Remedies –

  1. Measure the nipples and areolas and order the correct (or the closest possible) sized flange.
  2. Flanges can be bought separately too if you don’t get the preferred size from your dealer.

The residue of solids in the baby’s mouth can cause irritation and soreness on the mother’s nipple.


  1. Baby’s mouth should be rinsed with water or have her sip some water before nursing.
  2. Avoid nursing immediately after the baby has had solids.

Every time the baby is teething, the baby has to change the latch a bit in order to accommodate the new guest in the mouth.

Remedies –

  1. Latch adjustment is usually temporary and everything settles in a few days.
  2. If the baby is biting, talk to the baby.
  3. Be more careful just in the beginning and in the ending of nursing sessions. Babies don’t bite while actively drinking milk.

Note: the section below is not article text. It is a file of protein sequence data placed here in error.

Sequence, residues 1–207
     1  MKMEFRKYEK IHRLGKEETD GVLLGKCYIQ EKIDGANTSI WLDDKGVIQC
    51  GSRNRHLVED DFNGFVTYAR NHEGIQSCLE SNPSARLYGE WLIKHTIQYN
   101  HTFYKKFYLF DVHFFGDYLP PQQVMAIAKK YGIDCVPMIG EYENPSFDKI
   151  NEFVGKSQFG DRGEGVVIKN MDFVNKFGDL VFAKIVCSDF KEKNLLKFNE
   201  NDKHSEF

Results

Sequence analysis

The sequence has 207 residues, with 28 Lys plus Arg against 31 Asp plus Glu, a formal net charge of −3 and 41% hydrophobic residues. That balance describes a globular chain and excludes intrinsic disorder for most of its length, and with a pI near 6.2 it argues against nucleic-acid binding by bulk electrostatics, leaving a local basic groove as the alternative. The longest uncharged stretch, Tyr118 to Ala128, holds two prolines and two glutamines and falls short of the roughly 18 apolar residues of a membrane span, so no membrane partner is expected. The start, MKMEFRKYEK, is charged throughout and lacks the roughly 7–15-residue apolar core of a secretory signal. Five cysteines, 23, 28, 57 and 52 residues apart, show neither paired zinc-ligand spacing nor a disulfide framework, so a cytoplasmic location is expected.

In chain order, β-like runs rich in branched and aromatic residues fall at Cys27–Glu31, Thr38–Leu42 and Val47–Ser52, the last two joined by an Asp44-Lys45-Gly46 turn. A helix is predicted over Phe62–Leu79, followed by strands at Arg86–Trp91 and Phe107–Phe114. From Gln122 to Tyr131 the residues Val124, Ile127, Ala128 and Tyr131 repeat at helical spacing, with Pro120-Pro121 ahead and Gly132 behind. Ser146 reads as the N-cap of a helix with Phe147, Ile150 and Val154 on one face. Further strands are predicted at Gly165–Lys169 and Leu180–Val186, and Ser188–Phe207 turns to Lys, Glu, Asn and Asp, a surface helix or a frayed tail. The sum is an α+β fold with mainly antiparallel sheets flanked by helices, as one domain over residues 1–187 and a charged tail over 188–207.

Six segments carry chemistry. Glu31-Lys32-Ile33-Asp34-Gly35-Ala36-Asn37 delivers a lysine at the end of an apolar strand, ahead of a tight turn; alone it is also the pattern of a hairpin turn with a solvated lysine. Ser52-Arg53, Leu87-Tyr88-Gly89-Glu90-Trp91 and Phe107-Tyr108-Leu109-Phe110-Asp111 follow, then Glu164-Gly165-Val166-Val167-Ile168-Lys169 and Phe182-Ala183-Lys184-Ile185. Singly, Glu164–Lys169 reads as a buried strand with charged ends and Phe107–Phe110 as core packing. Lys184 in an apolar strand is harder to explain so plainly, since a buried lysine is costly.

4. Avoid yelling or crying. Talk gently, but firmly.

Hormonal Changes
Hormonal changes while ovulating and/or menstruation can increase nipple sensitivity in some women. Also, some women face a little dip in supply before and/or during periods. Baby clamps down on the nipple at such times causing sore nipples.


  1. These are temporary situations and can be handled by talking to the baby, or by unlatching and relatching the baby.
  2. Calcium/Magnesium supplements help some mothers.

Hormonal changes occurring during pregnancy sometimes cause nipple pain for the mother while breastfeeding.

Seeking the guidance of a lactation professional to continue nursing during pregnancy is a good idea.

Other Remedies: